Despite their similar demographics and geographic locations, there are important differences between the structure of the public sectors in Manitoba and Saskatchewan. Comparing Manitoba to Saskatchewan and other Canadian Provinces:
• Per capita, Manitoba employs signifi cantly more provincial public servants than most provinces (but also employs fewer municipal employees than the Canadian average).
• Only PEI employs more provincial public servants per capita than Manitoba.
• Per capita, Saskatchewan employs slightly fewer provincial public servants than Manitoba (but slightly more municipal public servants).
• The public sector “pay premium” for both the provincial and municipal levels of government is larger in Manitoba than in any other province. This means that the gap between the average pay of government employees and the average pay of all other workers is larger in Manitoba than anywhere else in the country.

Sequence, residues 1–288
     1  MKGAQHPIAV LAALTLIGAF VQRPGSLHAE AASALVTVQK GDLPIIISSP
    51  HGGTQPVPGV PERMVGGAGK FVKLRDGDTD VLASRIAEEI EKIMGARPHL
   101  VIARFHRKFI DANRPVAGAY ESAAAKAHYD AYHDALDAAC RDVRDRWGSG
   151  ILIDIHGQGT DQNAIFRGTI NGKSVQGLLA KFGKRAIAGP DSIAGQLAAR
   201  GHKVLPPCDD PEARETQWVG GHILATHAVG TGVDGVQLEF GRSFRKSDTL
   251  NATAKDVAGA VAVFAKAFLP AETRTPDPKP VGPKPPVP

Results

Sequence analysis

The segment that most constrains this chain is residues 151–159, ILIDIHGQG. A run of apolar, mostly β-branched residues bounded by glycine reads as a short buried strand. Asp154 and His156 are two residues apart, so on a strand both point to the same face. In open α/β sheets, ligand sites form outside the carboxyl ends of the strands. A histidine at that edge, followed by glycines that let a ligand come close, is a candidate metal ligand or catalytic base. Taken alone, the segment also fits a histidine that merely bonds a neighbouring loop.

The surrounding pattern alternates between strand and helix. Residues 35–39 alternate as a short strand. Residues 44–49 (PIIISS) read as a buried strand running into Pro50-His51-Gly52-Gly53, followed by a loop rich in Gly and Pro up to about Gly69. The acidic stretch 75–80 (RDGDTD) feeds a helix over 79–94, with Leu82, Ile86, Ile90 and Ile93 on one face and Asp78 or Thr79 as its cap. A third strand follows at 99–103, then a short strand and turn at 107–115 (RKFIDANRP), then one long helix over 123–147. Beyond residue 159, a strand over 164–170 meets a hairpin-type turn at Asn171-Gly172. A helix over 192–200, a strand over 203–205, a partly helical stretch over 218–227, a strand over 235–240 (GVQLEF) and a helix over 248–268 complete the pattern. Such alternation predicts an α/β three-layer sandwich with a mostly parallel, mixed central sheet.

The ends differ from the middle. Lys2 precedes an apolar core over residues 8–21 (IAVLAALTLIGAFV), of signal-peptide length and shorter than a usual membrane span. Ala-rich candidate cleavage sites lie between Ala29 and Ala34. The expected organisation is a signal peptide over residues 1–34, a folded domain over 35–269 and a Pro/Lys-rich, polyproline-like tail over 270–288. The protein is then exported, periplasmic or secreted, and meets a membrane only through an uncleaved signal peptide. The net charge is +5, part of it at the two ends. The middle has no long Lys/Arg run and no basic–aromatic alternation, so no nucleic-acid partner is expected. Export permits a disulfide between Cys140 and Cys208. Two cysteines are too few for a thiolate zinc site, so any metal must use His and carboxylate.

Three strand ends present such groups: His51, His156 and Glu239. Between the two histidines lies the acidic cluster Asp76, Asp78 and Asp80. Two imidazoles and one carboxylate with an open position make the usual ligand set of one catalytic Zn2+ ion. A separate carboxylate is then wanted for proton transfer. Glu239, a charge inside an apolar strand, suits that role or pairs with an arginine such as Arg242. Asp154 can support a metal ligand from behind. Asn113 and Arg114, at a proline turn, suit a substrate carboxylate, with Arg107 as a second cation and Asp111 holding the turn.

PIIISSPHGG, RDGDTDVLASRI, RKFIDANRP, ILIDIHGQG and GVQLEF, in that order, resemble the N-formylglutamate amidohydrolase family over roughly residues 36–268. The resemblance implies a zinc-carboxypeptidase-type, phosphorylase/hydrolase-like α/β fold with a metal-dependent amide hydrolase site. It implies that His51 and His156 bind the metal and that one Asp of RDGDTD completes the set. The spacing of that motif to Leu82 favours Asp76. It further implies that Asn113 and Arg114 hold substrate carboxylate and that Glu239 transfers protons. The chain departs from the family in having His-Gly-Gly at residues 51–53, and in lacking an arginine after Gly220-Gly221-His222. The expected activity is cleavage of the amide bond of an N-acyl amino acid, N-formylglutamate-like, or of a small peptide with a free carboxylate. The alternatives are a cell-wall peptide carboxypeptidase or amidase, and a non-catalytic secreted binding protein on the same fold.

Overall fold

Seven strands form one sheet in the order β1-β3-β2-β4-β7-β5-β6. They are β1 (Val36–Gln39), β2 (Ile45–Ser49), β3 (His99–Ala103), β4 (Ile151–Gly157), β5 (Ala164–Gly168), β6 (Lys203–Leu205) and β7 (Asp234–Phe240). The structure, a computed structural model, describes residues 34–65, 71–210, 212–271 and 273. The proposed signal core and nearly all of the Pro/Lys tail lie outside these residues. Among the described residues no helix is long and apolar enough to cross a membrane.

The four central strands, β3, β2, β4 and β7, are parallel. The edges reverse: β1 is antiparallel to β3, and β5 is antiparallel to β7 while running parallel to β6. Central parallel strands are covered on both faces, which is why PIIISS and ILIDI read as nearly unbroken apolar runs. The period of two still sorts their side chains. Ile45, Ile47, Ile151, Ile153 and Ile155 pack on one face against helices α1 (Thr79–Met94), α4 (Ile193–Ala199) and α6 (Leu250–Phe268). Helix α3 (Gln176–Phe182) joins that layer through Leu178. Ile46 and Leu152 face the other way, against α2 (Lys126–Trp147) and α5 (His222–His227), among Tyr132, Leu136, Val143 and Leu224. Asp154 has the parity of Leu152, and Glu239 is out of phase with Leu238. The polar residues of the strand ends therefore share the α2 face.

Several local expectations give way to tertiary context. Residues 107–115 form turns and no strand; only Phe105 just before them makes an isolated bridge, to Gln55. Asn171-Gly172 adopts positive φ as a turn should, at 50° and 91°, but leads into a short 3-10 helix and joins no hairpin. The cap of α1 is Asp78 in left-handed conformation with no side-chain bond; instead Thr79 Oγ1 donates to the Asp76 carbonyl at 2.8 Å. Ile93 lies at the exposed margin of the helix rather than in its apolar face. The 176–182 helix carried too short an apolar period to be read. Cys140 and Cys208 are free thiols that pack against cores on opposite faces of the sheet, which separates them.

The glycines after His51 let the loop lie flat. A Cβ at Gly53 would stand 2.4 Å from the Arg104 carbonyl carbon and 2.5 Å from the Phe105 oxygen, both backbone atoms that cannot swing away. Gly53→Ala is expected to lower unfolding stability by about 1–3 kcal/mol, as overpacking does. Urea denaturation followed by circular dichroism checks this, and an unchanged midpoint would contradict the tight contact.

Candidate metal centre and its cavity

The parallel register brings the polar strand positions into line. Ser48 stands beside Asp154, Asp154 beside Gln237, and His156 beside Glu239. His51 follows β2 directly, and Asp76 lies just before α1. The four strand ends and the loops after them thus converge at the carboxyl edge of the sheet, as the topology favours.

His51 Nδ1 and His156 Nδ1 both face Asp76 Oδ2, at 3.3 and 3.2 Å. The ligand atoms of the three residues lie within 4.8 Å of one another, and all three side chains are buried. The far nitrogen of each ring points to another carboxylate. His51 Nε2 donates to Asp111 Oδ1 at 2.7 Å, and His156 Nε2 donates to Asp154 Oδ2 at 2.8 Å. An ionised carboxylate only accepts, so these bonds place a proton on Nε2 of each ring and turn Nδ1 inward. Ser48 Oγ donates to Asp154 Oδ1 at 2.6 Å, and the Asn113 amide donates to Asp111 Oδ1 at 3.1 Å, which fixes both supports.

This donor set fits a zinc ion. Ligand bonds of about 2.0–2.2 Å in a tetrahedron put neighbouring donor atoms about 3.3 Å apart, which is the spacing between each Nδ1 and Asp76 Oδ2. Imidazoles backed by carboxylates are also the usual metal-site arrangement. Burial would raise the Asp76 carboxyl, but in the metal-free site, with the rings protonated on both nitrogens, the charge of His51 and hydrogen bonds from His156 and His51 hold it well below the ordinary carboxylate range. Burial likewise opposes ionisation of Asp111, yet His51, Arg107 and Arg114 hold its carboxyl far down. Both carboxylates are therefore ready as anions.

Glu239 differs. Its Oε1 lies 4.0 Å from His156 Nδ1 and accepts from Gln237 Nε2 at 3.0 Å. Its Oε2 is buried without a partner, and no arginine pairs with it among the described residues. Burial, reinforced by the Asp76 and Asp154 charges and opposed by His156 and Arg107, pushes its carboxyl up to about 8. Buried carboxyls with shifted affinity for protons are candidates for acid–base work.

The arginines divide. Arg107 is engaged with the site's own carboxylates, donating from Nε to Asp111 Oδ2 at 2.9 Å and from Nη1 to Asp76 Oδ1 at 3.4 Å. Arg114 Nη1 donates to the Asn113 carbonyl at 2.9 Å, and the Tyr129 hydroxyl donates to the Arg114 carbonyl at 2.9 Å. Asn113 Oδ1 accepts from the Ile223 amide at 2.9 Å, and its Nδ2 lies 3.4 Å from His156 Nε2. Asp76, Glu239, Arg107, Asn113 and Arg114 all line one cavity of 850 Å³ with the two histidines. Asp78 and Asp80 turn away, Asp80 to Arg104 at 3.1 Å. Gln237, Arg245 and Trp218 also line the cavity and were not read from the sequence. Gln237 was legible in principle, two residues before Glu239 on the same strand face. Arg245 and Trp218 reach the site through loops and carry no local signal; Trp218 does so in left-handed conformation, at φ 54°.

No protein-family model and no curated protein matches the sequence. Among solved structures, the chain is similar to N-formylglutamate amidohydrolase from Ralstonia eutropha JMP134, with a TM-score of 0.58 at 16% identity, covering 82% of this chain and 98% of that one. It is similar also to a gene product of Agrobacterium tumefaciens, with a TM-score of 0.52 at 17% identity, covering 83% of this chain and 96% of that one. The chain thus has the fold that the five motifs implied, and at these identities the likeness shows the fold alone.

• If Manitoba’s rate of public sector employment were brought into line with the national average, the province would save $370 million each and every year. Put another way, provincial public sector employment in excess of the national average costs the average Manitoban approximately $320 in taxes each year.
• In Saskatchewan, reducing provincial public sector employment to the level of the national average would save taxpayers over $200 million per year.
• In the Maritime provinces, comparably signifi cant savings for taxpayers could be achieved by bringing the size of their public services into line with the national average. For example, Newfoundland, a province with a population of just 500,000, spends $125 million each year more than they would pay if the size of the province’s public service were reduced to match the national average.
• Quebec spends more than any other province on additional provincial employees, and would save over $400 million per year if its provincial public administration employment rate was reduced to the national average.